dear to the immortal gods, placed a threshold of stone.
And the numberless races of men built the temple all around
with hewn stones, to be a theme of song forever.
300 Near it there was a fair-flowing spring, where the lord,
son of Zeus, with his mighty bow, killed a she-dragon,
a great, glutted and fierce monster, which inflicted
many evils on the men of the land-many on them
and many on their slender-shanked sheep; for she was bloodthirsty.
And once from golden-throned Hera she received and reared
dreadful and baneful Typhaon, a scourge to mortals.
Hera once bore him in anger at father Zeus,
when indeed Kronides gave birth to glorious Athena
from his head; and mighty Hera was quickly angered
310 and spoke to the gathering of the immortal gods:
“All gods and all goddesses, hear from me
how cloud-gathering Zeus begins to dishonor me
first, since he made me his mindfully devoted wife,
and now apart from me gave birth to gray-eyed Athena,
who excels among all the blessed immortals.
But my son, Hephaistos, whom I myself bore
has grown to be weak-legged and lame among the blessed gods.
I took him with my own hands and cast him into the broad sea.
But Thetis, the silver-footed daughter of Nereus,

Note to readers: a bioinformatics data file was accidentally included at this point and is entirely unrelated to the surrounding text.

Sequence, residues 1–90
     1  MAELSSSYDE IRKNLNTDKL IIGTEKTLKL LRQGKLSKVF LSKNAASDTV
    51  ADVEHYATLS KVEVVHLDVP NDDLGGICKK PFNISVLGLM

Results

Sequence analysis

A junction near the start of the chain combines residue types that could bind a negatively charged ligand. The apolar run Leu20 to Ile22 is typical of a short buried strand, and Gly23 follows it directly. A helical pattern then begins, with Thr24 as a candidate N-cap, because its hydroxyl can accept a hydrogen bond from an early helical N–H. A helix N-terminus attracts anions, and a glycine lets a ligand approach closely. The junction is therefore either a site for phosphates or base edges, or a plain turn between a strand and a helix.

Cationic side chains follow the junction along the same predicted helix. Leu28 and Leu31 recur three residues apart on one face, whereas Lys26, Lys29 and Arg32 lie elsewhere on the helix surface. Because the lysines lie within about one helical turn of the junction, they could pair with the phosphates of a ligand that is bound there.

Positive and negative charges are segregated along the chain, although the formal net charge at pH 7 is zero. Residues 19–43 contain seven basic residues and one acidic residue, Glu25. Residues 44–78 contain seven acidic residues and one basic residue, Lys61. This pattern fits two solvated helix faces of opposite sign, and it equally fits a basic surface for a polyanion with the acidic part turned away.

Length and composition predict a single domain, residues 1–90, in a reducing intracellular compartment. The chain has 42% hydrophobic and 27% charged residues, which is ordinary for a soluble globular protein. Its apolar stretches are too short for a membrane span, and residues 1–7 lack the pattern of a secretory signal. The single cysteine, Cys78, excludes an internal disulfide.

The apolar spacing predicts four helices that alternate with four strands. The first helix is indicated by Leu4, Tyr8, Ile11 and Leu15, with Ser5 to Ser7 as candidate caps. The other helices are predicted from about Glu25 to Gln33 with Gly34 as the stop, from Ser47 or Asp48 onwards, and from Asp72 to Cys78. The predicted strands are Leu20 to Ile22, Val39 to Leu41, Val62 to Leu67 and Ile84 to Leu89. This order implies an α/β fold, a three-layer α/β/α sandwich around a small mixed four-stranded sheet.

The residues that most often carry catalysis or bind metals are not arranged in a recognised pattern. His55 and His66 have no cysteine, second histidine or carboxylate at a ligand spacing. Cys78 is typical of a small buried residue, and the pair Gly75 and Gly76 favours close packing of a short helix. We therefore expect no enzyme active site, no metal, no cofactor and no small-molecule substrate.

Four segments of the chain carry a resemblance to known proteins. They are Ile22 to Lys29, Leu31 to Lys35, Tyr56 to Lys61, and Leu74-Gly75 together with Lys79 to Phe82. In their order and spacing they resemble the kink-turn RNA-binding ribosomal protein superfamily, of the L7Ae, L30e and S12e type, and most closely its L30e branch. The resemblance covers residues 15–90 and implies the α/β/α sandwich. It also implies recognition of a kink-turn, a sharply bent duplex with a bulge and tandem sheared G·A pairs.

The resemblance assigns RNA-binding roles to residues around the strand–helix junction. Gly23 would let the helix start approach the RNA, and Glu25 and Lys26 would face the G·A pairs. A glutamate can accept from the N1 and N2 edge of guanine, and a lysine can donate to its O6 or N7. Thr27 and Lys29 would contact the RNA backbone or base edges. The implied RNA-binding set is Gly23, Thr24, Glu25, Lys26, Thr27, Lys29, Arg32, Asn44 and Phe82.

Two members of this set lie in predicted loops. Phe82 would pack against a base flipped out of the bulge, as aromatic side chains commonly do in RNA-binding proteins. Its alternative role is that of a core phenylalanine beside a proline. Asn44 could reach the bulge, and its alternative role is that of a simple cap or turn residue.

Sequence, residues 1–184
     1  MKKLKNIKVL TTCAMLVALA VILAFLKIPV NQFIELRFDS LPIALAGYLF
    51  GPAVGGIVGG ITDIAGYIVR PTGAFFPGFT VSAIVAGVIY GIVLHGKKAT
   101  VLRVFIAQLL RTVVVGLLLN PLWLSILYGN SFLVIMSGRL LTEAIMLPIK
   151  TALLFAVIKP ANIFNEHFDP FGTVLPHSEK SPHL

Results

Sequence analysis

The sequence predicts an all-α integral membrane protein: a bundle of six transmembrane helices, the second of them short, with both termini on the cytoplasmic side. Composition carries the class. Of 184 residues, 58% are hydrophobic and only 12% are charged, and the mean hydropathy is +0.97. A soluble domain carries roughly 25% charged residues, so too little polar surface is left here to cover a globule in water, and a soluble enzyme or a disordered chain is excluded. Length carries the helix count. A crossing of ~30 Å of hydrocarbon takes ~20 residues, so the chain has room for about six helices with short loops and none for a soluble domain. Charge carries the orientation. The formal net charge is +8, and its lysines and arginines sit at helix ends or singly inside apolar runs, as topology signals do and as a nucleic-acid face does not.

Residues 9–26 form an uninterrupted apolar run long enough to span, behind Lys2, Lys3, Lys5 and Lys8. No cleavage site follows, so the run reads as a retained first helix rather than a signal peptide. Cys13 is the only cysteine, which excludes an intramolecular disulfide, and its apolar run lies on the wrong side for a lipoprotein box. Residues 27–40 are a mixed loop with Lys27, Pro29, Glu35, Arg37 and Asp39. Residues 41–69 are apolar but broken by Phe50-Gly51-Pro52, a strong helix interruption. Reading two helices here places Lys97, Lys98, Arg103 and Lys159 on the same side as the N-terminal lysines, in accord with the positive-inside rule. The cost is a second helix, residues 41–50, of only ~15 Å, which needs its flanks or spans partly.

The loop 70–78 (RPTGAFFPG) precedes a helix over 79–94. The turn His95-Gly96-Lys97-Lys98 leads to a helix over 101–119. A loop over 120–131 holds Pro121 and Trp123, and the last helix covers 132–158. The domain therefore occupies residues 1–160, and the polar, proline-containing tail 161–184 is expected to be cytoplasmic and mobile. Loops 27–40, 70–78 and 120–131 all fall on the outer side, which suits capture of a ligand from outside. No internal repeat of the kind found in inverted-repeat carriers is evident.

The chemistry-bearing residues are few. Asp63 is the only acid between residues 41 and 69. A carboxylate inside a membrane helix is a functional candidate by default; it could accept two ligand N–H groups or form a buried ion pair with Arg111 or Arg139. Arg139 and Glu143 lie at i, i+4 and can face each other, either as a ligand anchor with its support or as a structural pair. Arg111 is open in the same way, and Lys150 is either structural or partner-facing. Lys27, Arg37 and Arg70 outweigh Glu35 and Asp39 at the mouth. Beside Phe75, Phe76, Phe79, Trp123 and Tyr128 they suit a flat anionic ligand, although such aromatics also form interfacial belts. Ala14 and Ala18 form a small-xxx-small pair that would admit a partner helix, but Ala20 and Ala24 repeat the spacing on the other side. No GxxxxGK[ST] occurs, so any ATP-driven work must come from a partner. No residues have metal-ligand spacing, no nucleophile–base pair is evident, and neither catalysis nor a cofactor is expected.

320 received him and with her sisters took him in her care.
I wish she had done the blessed gods some other favor!
O stubborn and wily one! What else will you now devise?
How dared you alone give birth to gray-eyed Athena?
Would not I have borne her, who was called your very own
among the immortals who dwell in the broad sky?
[325a Take thought now, lest I devise some evil for you in return!]
And now, I shall contrive to have born to me
a child who will excel among the immortals.
And to our sacred wedlock I shall bring no shame,
nor visit your bed, but I shall pass my time
330 far from you, among the immortal gods.”
With these words she went apart from the gods very angry.
Then forthwith mighty, cow-eyed Hera prayed
and with the flat of her hand struck the ground and spoke:
“Hear me now, Earth and broad Sky above,
and you Titans from whom gods and men are descended
and who dwell beneath the earth round great Tartaros.
Harken to me, all of you, and apart from Zeus grant me a child,